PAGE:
After Ho Chi Minh city, Hanoi is the second largest hub for outbound students in Vietnam, a growing student source market. The Department of Education and Training in Hanoi has released a list of 200 agencies that have undergone the government’s licensing programme, which includes passing a test and putting $23,000 into an escrow account.
However, according to Kenneth Cooper, co-founder of Access American Education, which has had consultants licensed through the scheme, the list bears little weight when it comes to improving business standards.
“No one’s looking into how educational consultants conduct business or what consumers have to say about their services”
“It doesn’t mean anything because there’s no enforcement,” he told The PIE News. “There are still 3,300 agents operating erroneously. The government wants to shut them down but they can’t because they don’t have enough resources.”
According to a 2013 government mandate, agency owners and agents must have a university degree and be proficient in another foreign language. The certification process requires individuals to undergo a 40 hour training course which includes information on education systems of host countries and ethical standards.
Once they pass an exam and make the escrow deposit, agents are issued licences by local departments of education and training, which are responsible for K-12 education and education agents in their cities.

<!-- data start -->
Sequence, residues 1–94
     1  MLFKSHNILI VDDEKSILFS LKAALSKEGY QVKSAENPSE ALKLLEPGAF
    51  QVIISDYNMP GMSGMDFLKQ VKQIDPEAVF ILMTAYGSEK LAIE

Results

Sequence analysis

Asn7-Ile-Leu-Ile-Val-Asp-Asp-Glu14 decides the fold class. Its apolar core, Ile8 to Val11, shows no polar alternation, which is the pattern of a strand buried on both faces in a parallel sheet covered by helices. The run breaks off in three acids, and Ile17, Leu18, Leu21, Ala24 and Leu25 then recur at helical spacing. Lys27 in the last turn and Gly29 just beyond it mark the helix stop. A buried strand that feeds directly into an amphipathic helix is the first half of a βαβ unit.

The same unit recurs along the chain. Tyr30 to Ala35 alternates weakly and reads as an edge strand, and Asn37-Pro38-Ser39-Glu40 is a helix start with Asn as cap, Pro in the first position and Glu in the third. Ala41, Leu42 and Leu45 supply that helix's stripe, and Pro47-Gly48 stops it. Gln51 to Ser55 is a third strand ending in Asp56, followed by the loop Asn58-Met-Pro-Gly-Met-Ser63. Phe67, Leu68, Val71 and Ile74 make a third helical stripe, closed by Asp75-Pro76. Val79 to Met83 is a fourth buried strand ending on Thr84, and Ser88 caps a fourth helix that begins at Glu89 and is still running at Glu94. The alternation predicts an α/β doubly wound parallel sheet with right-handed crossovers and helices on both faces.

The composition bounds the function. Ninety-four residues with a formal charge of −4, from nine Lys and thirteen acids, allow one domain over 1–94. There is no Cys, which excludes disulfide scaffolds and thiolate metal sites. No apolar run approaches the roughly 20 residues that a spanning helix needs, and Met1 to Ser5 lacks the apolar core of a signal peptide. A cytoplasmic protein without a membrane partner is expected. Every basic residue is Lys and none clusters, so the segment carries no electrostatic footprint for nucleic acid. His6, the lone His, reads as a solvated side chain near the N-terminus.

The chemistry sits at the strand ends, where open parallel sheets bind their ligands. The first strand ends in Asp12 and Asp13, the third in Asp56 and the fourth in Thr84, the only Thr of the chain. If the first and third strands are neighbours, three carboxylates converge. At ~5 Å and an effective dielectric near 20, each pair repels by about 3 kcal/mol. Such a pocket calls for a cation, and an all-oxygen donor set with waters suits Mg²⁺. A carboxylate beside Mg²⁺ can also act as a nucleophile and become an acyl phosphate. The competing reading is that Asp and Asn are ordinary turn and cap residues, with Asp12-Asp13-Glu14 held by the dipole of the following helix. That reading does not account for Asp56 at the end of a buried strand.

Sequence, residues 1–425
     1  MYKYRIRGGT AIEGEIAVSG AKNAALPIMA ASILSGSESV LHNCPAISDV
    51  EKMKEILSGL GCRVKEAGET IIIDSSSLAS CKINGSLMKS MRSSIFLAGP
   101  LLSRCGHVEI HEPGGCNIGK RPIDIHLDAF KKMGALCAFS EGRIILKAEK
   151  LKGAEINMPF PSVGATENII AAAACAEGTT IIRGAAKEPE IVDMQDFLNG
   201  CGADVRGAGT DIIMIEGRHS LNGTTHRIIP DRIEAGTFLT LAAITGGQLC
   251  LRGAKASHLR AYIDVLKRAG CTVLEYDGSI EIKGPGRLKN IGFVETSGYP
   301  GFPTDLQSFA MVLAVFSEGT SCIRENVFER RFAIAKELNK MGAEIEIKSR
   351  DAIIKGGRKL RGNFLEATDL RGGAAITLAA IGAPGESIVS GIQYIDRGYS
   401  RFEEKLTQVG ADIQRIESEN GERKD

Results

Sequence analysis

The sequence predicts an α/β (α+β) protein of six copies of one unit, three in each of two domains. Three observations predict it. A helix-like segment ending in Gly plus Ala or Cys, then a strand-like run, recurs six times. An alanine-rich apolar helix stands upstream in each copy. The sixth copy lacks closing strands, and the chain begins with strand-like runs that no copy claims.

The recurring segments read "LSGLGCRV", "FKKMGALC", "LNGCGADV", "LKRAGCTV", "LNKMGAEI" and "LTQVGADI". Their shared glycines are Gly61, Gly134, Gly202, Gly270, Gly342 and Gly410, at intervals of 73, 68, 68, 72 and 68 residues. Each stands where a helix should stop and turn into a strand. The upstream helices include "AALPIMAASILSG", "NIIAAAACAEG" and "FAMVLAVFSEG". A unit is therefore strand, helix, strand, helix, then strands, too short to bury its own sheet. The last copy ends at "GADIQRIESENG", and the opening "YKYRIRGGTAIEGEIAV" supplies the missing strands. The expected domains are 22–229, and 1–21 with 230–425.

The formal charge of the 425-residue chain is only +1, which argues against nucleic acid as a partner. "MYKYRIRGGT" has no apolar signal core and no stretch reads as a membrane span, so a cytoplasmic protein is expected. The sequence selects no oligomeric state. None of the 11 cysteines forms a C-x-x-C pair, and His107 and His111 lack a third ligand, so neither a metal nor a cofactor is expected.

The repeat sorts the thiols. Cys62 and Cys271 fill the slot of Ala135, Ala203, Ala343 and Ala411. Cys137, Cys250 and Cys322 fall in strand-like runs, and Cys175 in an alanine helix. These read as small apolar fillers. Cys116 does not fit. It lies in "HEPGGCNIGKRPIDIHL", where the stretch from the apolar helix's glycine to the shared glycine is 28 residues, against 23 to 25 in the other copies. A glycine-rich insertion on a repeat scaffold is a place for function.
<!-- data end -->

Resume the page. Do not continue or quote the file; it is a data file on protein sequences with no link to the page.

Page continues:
Speaking with The PIE News, Mark Ashwill, managing director of educational consulting company Capstone Vietnam which has licensed agents at both its Ho Chi Minh and Hanoi locations, recognised the scheme is an effort to raise standards but said it is limited in scope.
“No one’s looking into how educational consultants conduct business or what consumers have to say about their services,” he observed, adding that the steep deposit could ultimately push legitimate consultancies out of the market.
“The financial requirement, which is to ensure that educational consultants have sufficient resources to settle legal claims, eliminates a number of companies that cannot yet afford that amount,” he said.
“The fact that a company can afford to put $23,000 on deposit for each office doesn’t mean it’s a quality company, it just means it’s doing well financially or has other resources at its disposal.”
Despite the programme’s limitations, Ashwill commended the government’s efforts.
“At least there are some hoops to jump through,” he said. “Until this new policy, proposed by MoET [ministry of education and training] and issued by the Prime Minister over two years ago, the government didn’t require educational consulting companies to have any sort of certification.”
“It’s ultimately the responsibility of institutions to know what’s being said and done in their name”
Vietnam is increasingly becoming a fruitful market for student recruiters keen to diversify campus nationalities. The country has seen demand boom in the past decade, mostly for studies in the US.
It was also among the top four emerging markets to watch listed in a recent report by World Education Services that urged educators to look beyond China, India and South Korea.
But, despite rapid growth, especially in secondary school enrolments, Cooper at AAE says Vietnam is still very much a “frontier market” with sub-standard practices.
Ashwill, meanwhile, argued that for the time being, in Vietnam, educators should be charged with finding reliable agents on their own.
“It’s ultimately the responsibility of institutions that work with agents to screen them properly, stay in touch with them and cultivate the relationship so they know what’s going on, and what’s being said and done in their name,” he said.